However, new ideas are brewing that would require additional human resources.

“There are all kinds of other things we would like to do,” Faulkner said, pointing to objectives of making soap in-house and preparing skillet meals on-site that would reduce  sodium.  “That would save us money instead of purchasing it.”

The largest volunteer age bracket is 50-64 year olds, representing 29 percent of all volunteer work. On the other end of the generational spectrum, younger millennials ages 20-24 accounted for 7 percent of volunteerism – less than their share of the local population.

Episodic volunteering
Millennials, though, are not devoid of all forms of volunteerism.

“Millennials are engaging in social activism online and through their phones,” Prater said.

Particularly, episodic volunteering is where the younger generations help.

Compared to long-term commitments in traditional volunteering, the trend for episodic volunteers is demonstrated by one-day or short engagements with a clear sense of accomplishment. The study cited United Way of the Ozarks’ Day of Caring, which last year brought together 2,100 volunteers to complete 255 projects, as well as Salvation Army’s Red Kettle holiday program and Convoy of Hope  outreaches.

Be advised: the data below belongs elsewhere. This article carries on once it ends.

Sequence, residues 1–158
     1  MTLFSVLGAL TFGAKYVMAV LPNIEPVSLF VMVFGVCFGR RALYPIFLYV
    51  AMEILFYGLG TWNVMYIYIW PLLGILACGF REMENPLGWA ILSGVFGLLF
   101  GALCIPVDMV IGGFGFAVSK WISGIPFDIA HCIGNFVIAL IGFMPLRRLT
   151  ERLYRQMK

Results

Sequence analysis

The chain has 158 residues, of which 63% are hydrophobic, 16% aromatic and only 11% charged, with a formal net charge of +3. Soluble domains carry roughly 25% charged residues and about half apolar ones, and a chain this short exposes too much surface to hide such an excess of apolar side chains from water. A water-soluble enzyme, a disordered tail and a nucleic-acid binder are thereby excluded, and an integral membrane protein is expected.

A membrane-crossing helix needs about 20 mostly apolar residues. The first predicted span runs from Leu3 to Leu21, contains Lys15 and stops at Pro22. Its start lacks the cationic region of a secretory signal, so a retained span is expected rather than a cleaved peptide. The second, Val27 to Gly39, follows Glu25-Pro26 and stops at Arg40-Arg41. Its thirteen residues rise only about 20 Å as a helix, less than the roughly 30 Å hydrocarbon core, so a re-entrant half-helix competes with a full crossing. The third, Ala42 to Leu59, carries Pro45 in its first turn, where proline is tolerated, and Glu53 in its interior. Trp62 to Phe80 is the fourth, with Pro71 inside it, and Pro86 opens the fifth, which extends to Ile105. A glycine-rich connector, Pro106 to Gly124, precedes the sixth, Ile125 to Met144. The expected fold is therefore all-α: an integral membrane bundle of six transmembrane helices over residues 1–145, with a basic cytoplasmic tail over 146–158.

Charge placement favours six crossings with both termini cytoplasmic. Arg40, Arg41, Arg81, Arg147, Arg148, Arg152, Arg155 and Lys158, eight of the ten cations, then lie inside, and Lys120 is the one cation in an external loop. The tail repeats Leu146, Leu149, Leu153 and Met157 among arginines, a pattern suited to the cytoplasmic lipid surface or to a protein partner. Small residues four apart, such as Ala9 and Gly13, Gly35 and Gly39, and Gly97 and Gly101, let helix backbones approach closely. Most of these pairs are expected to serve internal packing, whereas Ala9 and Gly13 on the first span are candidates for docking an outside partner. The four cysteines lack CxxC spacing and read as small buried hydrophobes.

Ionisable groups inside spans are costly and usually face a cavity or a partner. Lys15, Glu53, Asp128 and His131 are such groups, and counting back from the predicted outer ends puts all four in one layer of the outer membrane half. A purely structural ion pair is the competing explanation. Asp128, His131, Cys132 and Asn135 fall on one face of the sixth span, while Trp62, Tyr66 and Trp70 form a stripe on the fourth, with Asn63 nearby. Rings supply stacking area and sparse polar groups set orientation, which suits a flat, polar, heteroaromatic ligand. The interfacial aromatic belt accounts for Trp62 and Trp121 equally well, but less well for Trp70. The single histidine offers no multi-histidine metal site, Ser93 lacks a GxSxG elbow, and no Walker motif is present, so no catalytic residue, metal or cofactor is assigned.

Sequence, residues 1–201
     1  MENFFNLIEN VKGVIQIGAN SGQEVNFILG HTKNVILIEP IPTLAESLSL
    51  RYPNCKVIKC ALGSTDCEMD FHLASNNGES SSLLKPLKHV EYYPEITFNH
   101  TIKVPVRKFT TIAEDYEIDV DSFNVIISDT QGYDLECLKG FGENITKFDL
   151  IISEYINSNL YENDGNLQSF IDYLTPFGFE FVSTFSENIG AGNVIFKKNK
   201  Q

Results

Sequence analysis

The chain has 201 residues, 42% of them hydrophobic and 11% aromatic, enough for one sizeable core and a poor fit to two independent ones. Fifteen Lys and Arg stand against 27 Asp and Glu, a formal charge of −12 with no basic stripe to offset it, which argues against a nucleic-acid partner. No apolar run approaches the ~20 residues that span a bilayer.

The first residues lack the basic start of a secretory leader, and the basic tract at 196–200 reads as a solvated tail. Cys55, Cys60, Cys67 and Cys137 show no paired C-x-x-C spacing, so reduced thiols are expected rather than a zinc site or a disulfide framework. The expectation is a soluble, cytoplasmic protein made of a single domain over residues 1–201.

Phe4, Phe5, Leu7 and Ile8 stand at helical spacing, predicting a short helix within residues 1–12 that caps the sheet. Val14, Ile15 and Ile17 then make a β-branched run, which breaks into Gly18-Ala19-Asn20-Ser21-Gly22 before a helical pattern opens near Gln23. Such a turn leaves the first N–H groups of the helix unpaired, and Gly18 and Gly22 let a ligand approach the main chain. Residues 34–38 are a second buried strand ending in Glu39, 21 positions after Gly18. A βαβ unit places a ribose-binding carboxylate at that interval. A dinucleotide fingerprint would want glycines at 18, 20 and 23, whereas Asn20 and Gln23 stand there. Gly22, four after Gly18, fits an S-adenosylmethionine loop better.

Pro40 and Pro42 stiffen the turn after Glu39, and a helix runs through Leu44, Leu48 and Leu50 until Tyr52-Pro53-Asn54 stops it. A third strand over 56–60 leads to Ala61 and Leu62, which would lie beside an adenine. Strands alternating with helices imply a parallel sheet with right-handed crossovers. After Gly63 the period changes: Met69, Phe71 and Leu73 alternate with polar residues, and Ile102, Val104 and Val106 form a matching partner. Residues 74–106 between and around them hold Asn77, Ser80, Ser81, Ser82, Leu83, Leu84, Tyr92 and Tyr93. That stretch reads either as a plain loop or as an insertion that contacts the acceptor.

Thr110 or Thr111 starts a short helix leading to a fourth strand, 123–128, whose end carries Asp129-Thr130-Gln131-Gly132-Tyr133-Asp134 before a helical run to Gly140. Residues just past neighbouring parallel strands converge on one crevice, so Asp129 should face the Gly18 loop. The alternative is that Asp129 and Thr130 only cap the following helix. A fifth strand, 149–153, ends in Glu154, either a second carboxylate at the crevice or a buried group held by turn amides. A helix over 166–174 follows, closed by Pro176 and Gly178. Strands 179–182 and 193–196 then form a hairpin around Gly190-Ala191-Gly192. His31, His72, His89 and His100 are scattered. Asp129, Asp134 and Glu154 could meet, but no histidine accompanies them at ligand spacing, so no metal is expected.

An event targeting the millennial mindset started this month as a partnership between Crosslines and Thrivent Financial. Called Give Back Mondays, the 30-minute service project is designed as a bridge to volunteerism. Organizers say about 15 people showed up at Crosslines to pack birthday bags and diapers to give away.

“We’re partnering with ministries that already do these things and do them well,” said Jeff Kohls, a Thrivent financial consultant. “We’re just creating opportunities for people to come in and experience that."

Next time, the group might sort food in the warehouse or clip product barcodes for Best Choice’s redemption program, Faulkner said.

Thrivent also has held its own packing events toward its mission of connecting faith and finances among its members, Kohls said. Pilot projects to assemble care packages with toiletries, water and snacks have been held at its East Sunshine Street office as well as a mixer at WineSpot in the Brentwood Center.

Financial resources
Special events are the leading type of volunteer work, identified by over half of those Drury surveyed. The next activities, and equally as popular, are board committee memberships and providing food, clothing or other items – both selected as common activities by 40 percent of volunteers.

An organizational affiliation is a strong connecting point, Prater said. Two-thirds of volunteers say they had an existing relationship, and one-fourth say volunteer work is required as part of membership.

At Crosslines, over 30 churches actively send members to volunteer and over 100 churches make financial contributions to the food pantry. Faulkner said the food costs exceed $215,000 a year, and church donations meet half that need.

The study shows 90 percent of individual volunteers also give financially.

“That could be an opportunity for organizations to consider,” Prater said